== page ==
Running Angry

Not everyone should furiously lace up and hit the treadmill at speed 8.0 when pissed off.  According to the results of a recent study, the combination of intense emotion and heavy physical exertion increases the odds of triggering a heart attack. 

Basically, emotional upheaval raises your blood pressure and heart rate, so when you add an intense workout to the mix, it puts a lot of pressure on your blood vessels. If you have plaque inside those blood vessels, the increase in pressure can cause them to rupture. Plaque is caused by a number of factors, including smoking, high blood sugar, high blood pressure, and high LDL (“bad cholesterol”).  

Now, there is one major caveat to this study that is worth noting – the researchers did not define “strenuous”. The lead author of the study says that “heavy exertion” depends on the individual – “heavy” being much more exertion than that person engaged in the day before, and much longer and intense exertion than normal.  So if you normally jog 3 miles at an 11 minute per mile pace twice a week, don’t sprint out the door after that fight with your man and tear off down the street pushing an 8-minute mile for an hour.  Likewise, if you find yourself panting, or dizzy, or just working too damn hard while exercising, slow down or take a short break.  Heart rate monitors and wrist-worn fitness trackers (like the Apple Watch and FitBit) are good tools to help you stay tuned to your cardiovascular response while running.  Finally, if you are really concerned, ask your doctor about scheduling a stress test.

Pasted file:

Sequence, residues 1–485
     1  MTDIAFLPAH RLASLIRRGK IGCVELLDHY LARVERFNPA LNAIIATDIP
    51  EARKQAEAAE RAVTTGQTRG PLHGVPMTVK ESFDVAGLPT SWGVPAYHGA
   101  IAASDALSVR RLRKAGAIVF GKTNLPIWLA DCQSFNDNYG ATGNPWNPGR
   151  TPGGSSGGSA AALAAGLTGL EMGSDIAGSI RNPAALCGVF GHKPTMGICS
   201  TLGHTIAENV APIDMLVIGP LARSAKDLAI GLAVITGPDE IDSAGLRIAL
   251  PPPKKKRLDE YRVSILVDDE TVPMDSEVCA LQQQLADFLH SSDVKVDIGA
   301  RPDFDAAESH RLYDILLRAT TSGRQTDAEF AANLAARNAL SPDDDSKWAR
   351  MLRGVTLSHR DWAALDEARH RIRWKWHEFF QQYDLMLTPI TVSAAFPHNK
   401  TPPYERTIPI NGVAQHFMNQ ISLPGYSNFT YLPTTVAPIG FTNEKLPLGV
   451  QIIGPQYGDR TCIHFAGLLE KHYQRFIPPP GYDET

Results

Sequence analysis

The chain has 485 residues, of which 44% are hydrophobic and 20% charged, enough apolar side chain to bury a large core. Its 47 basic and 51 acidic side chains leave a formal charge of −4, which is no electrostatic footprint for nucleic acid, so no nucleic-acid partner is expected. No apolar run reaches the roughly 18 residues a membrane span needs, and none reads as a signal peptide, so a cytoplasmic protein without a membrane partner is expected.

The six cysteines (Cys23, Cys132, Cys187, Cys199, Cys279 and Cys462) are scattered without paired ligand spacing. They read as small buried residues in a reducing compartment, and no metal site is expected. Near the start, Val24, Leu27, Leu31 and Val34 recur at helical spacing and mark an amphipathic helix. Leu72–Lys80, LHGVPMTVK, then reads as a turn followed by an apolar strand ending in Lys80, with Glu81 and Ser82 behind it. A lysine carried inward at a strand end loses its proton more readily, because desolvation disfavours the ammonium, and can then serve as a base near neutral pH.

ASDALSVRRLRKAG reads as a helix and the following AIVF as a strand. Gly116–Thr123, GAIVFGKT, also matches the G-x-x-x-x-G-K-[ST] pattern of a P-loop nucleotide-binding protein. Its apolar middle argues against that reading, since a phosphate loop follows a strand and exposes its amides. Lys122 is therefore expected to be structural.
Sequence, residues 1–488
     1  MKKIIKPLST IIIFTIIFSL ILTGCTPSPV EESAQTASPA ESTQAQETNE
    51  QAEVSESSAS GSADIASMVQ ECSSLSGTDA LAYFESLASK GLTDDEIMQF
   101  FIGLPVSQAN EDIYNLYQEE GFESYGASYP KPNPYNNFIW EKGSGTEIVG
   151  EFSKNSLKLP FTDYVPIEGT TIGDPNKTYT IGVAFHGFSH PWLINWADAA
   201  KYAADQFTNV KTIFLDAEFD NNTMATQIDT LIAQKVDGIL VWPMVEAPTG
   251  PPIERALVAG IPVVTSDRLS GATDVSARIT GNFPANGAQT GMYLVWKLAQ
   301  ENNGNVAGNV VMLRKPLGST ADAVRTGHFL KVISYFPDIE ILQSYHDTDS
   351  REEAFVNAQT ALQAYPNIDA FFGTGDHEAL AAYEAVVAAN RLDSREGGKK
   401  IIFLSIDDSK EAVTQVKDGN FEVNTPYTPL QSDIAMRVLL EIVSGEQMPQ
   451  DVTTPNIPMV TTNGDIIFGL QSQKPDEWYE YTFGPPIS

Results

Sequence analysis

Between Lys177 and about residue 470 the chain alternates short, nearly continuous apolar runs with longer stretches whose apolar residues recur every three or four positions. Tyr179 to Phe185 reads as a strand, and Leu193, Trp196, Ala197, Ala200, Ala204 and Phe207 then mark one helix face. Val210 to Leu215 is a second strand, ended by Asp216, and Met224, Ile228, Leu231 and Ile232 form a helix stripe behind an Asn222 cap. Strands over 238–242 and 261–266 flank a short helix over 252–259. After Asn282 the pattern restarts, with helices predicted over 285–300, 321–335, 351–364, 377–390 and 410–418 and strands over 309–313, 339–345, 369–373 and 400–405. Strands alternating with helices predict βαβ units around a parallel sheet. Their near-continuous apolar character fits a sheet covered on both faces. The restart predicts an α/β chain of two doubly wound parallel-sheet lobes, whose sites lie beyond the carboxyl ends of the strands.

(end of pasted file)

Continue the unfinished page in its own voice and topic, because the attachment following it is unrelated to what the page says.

On a personal note, I recently noticed that my heart rate was much higher than normal when on long runs.  I went to the doctor to ask for a stress test - she found that my heart was fine but that my blood pressure was too high.  So even though there isn’t a direct correlation between heart rate and hypertension, paying attention to my heart got me to the doctor.

Now, I don’t know about you, but sometimes when I am having a moment, or I’ve had to do a complete head spin because someone just said I-can’t-believe-what, going out for a run is the perfect soother.  But what I try to do first is take a deep breath or two, then maybe walk or stretch a little, and start off jogging a little slower than normal.  I’ve usually calmed down by the time I hit my stride.  Even though I might hit the pavement a little harder, I ease into the workout instead of shocking my system. That being said, running a little faster than normal is definitely better for my health than marinating in anger.